I’m going to be really tedious and say ‘It’s A Wonderful Life.‘ Still gets to me every time. Music-wise, Jona Lewie and ‘Stop The Cavalry’. Christmas book? That’s a difficult one, I never much liked Dickens’ ‘A Christmas Carol.’ and don’t really recall others specifically about that time of year as I would probably have avoided them like the proverbial. So can I have a play instead? For which I nominate Steven Berkoff’s one-man short play ‘Harry’s Christmas‘. Devastating.

Douglas Skelton: 

The book has to ‘A Christmas Carol,’ obvious I know but it’s the only actual Christmas book I can remember reading! I know when I see other choices I’ll kick myself (so if you have any suggestions, let me know) For film I’d have to go with ‘It’s A Wonderful Life’, although ‘The Bishop’s Wife’ comes a close second. And song – there are so many – but ‘Have Yourself a Merry Little Christmas’ has the right blend of sweetness and melancholy for me.

HIT THE NORTH! NICK QUANTRILL INTERVIEW!Nick Quantrill:

Book I can’t really look beyond Dickens with ‘A Christmas Carol’, though you can’t beat a winter’s evening in the warmth with a book from a favourite author. Film Being a cynical and hardboiled crime writer is fine for 364 days of the year, but the remaining day has to be reserved to watch “It’s A Wonderful Life”. Song, all of Kate Rusby’s “While Mortals Sleep” is great and the use of a brass band gives it that distinctive Yorkshire feel that warms me.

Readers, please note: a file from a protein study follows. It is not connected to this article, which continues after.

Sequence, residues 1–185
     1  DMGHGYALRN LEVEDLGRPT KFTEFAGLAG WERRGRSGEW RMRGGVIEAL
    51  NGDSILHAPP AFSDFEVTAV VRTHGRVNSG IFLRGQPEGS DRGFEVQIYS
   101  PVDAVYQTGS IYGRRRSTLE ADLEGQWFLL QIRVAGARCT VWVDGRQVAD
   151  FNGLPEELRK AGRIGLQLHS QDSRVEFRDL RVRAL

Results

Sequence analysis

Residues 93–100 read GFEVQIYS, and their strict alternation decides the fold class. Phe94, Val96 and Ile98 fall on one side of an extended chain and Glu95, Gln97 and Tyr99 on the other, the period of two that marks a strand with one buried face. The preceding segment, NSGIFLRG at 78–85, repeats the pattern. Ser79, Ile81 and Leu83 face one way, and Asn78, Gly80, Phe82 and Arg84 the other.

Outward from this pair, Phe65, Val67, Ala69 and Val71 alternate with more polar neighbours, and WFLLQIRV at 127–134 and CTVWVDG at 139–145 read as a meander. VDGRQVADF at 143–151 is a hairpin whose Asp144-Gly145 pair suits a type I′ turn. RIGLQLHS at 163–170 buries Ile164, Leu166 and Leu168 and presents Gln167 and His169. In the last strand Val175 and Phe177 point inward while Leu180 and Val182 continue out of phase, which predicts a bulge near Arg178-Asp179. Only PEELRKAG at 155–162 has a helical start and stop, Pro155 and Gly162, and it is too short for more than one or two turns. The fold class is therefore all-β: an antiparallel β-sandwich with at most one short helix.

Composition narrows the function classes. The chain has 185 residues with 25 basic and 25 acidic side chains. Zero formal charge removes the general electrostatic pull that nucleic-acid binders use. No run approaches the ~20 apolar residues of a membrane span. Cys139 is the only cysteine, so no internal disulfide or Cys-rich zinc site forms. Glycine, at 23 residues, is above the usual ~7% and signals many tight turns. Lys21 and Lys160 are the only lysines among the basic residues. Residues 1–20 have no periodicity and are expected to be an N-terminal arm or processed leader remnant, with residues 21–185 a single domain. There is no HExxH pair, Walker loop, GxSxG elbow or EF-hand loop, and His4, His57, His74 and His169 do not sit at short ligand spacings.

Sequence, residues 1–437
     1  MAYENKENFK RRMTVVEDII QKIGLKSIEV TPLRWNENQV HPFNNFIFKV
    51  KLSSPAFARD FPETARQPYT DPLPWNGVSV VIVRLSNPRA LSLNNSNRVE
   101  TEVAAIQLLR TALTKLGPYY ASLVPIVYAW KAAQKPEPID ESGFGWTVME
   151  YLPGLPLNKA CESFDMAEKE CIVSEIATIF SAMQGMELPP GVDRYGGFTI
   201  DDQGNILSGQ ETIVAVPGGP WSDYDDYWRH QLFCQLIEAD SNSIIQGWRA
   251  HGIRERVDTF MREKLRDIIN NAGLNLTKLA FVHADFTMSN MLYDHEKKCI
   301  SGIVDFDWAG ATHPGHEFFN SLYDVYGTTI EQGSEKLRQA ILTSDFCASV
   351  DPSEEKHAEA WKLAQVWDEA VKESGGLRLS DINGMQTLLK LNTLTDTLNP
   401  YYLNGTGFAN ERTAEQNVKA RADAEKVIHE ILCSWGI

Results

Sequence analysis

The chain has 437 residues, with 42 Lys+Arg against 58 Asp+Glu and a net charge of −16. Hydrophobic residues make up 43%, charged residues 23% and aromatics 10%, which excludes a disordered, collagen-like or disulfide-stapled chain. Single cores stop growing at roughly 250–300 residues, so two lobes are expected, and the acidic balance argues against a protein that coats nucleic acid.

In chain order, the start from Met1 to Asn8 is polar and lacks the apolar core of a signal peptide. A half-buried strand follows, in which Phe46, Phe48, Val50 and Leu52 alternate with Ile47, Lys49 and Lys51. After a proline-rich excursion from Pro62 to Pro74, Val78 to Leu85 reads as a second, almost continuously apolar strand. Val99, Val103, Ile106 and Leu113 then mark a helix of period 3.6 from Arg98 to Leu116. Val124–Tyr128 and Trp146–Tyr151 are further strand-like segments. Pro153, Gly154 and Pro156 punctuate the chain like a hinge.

Luca Veste:

Book – ‘The Grinch who Stole Christmas’ by Dr Seuss Film – ‘National Lampoon’s Christmas Vacation’. Song – ‘White Wine in the Sun’ by Tim Minchin

Matt Hilton:

The Spy Who Came For Christmas” by David Morrell, “National Lampoon’s Christmas Vacation” and “Silent Night” by Bing Crosby

Mark West:

Favourite book –‘The Mystery Of The Invisible Dog’ (it takes place between Christmas and New Year. Favourite film – either ‘Scrooged’ or ‘Die Hard’. Favourite song – ‘Merry Christmas Everybody’ by Slade.